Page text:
Friday, 5 March 2010

'Big data': big potential, big challenges

This week’s Economist has an excellent special report on managing information entitled ‘Data, Data everywhere’. It looks at the changes, opportunities and challenges posed by our new found ability to create and manipulate vast quantities of data – big data. There are lots of impressive/daunting (depending on your point of view) statistics about just how much data we are now talking about (40 billion photos on Facebook for example) during this “industrial revolution of data”. It also explores the concept of ‘data exhaust’ the trail of clicks which users leave behind them and which Google and others have been able to put to such incredible use: from search to speech recognition and from spell checking to language translation. All made possible not by attempting to training computers the rules which determine how these concepts work, but instead by tracking the activities of billions of user transactions which do the work of refining, correcting and adding relative value to words. Those who have heard my ‘Meet the future of Records Management:’ conference paper will know that I have long suspected that we could and should be making use of this exact same ‘exhaust’ to help us manage information, as well as profit from it - what I describe as 'Automated Records Management' (See also Records Management Journal Vol 19 No.2 2009 for a paper I wrote on this entitled 'Forget Electronic Records Management its Automated Records management that we desperately need')

There’s also interesting stuff in the Economist supplement on the problems of how to make sense of all this data, including new ways of visualising it and the prediction that statistics will soon be one of the coolest jobs around(!). It also makes some interesting points about the need for management to be trained in how to make sense of all this data. This chimes with a conversation I had with a Chief Exec a few weeks ago who also made the case for ensuring that senior management were aware of good old fashioned archival concepts such as provenance and context to give them a better appreciation of what the data they are looking at is actually telling them or how much it can be relied upon (rather than what they wish it was telling them and how much faith they may wish to place in it).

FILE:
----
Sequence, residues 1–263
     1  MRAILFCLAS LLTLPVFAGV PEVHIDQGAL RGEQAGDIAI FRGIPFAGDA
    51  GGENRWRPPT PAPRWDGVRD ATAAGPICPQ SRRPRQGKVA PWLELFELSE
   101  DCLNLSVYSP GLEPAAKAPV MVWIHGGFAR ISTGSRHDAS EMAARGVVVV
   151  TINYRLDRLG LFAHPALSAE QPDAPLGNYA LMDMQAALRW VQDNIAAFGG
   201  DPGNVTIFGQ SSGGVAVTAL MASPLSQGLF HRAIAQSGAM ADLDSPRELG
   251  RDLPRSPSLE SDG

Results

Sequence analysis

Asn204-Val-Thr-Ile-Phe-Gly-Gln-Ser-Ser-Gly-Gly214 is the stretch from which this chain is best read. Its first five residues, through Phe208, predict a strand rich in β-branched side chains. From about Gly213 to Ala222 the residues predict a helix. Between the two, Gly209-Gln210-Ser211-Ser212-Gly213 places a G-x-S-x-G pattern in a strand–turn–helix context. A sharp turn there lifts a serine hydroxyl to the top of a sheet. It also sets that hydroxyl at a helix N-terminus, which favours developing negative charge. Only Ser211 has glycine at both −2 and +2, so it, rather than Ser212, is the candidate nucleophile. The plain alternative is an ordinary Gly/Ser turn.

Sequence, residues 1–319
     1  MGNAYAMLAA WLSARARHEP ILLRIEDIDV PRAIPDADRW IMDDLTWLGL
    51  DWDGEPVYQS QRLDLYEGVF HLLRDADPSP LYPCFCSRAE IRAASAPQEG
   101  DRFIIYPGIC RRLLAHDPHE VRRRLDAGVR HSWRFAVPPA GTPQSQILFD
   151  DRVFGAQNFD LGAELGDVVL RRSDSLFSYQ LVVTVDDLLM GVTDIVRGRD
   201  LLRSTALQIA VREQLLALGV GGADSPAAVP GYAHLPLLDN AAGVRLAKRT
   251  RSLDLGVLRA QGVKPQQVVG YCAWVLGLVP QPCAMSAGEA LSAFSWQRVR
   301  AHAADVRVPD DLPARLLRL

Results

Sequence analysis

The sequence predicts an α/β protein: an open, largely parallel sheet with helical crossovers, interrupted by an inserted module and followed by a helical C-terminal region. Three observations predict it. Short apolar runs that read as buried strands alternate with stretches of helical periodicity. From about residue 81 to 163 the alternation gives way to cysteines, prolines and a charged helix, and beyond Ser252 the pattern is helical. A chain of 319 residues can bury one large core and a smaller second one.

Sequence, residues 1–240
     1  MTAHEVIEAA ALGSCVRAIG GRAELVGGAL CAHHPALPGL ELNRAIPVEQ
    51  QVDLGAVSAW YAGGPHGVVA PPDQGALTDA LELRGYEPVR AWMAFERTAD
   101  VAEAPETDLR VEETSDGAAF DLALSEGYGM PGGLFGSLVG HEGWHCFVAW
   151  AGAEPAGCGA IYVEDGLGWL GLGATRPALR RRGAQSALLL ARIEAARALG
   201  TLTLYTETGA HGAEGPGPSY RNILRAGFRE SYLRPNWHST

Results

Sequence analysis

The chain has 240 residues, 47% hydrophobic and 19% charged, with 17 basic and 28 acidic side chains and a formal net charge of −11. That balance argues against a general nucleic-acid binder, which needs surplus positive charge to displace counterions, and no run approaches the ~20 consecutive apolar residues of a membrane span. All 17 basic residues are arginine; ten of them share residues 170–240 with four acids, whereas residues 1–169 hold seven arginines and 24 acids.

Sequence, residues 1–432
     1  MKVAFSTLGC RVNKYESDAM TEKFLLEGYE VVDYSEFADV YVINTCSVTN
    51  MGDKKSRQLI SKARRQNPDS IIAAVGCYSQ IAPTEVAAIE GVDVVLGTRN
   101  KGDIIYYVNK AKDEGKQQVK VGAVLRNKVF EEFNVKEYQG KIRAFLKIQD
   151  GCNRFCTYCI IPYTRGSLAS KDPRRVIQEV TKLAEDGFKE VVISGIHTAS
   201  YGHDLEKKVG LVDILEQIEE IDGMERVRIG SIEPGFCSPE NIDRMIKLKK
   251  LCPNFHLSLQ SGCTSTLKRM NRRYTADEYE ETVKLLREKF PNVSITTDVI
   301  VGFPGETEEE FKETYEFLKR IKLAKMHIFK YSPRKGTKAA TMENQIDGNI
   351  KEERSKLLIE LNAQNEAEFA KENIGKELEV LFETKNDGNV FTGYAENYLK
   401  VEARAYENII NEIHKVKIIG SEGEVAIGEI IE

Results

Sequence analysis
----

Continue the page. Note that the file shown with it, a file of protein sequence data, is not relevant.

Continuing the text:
To give the Economist its due it does also look beyond the potential and address some of the challenges (and not just in relation to security – see previous post). Admittedly it does appear a little confused about the subject of data retention stating that ‘current roles on digital records state that data should never be stored for longer than necessary because they might be misused or inadvertently released’. It then goes on to state that ‘in future it is more likely that companies will be required retain all digital files, and ensure their accuracy, rather than to delete them’ – a vision of the future likely to strike fear into every records managers heart. There are some immediate flaws obvious in this logic (in the EU at least) where current data protection laws prevent this in relation to personal data, and elsewhere the Economist itself draws attention to the problems that storing such massive amounts of data is causing to the existing technical and resource infra-structure that Google et al rely on which would seem to favour a more selective approach to data retention on pragmatic grounds if nothing else. But whether such concerns are considered enough to stop the ‘lets keep and exploit everything’ bandwagon which lies behind much of this report is at best debatable and at worst, I suspect, distinctly unlikely.